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Wednesday, January 13, 2016

The keyword museum

The Keyword  Museum

The Modern Language Association's project on Digital Pedagogy in the Humanities: Concepts, Models, and Experiments is a space-bending and mind/behavior-altering enterprise.  It will change the future of what is loosely known as the Profession,  the diverse arenas of higher and lower education, and the traditional work of social scientists and , most  importantly, of people in the hard sciences who think in combinations of mathematical symbols and natural languages.  The MLA enterprise, which is open for comment until January 31, 2016, is a 21st century companion to a still important 20th century print-centric tool, namely Keywords (New York: Oxford University Press, 1976) by Raymond Williams.

Forty years ago, Williams had traced how 155 words function in the English language  domain of cultural transmission.  He did not select "race" for inclusion in his book.  That is odd.  Given the blitzkrieg of "race" in American and European discourses from 1900 to 1976, one might have expected it would not have been ignored by a Cambridge University professor.  But the Western academic world is a strange place where omissions can be rationalized and theorized into non-existence, erased until they return home to roost. As a sidebar, one should note, using "evidence" from Google's Ngram, that after ebb and flow from 1930 to now, the frequency of using "race" has currently returned to its 1940s, 1950s, and 1970s levels.

Adeline Koh (Stockton University) has brought that prodigal child named "race" back to the animal farm.  Under her curatorial guidance, we are beginning to see more clearly just what kind of personification Race has been historically.  We are invited to interrogate the stealthy delinquent as an agent of psychological destruction, a victim of its own "affluenza."  Koh links race and technology.  She admits she has made a "deliberate political choice" in deciding that "any responsible representation of race and technology should offer challenges to and an expansion of how digital pedagogy and digital humanities are defined."  Whether her choice is absurd or correct is open for debate.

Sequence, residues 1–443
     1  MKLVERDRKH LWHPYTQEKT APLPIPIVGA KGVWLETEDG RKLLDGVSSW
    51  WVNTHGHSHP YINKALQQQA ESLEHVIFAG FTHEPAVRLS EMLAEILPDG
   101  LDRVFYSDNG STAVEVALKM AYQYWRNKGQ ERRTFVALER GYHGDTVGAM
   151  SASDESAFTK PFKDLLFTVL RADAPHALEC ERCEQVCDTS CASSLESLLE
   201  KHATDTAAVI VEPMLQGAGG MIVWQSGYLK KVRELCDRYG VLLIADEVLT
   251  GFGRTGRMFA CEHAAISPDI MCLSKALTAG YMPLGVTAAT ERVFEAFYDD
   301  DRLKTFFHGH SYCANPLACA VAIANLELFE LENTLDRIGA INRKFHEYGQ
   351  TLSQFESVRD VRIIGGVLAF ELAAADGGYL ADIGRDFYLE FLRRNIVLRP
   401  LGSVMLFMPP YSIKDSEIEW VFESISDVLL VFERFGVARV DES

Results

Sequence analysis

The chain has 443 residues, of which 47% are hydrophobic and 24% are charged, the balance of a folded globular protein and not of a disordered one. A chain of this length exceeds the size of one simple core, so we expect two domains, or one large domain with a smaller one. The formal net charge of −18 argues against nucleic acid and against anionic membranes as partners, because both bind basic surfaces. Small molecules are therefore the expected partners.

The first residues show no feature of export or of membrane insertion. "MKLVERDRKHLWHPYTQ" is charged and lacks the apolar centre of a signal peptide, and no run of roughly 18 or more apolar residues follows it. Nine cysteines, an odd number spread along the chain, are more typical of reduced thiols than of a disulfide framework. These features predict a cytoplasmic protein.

One might also be skeptical of Koh's claim that much vital digital work on race is unlikely to receive "the sorts of governmental, federal, and institutional support other less politicized work has,"  primarily because the work is done outside the academic factory.  But it  is probable that a network of surveillance agencies do support digital work on race by using code words that seem remote from the bogus concept of race.  After all, our nation is the greatest nation on Earth, and we the people  are  capable of doing anything.

Among the curated artifacts Koh offers for our review are African Diaspora Ph.D, Ferguson Syllabus, Mapping Police Violence, SAADA (South Asian American Digital Archive), #This Tweet Called My Back, Soweto 76, and Invisible Australians: The Real  Face of White Australia.  She provides her own NITLE Race and the Digital Humanities Zetro Bibliography, other related materials, and WORKS CITED for our inspection.  One must ask, of course, where are the curated artifacts pertaining to Whiteness, Hispanic Diaspora, Pacific Island Cultures, and the Hamitic/Semitic Middle East?  If Digital Pedagogy is the future, we need a better keyword mapping of why  so-called White Folk speak freely all races except the one to which they belong.         Jerry W. Ward, Jr.     January 14, 2016

MLA Source:  http://digitalpedagogy/

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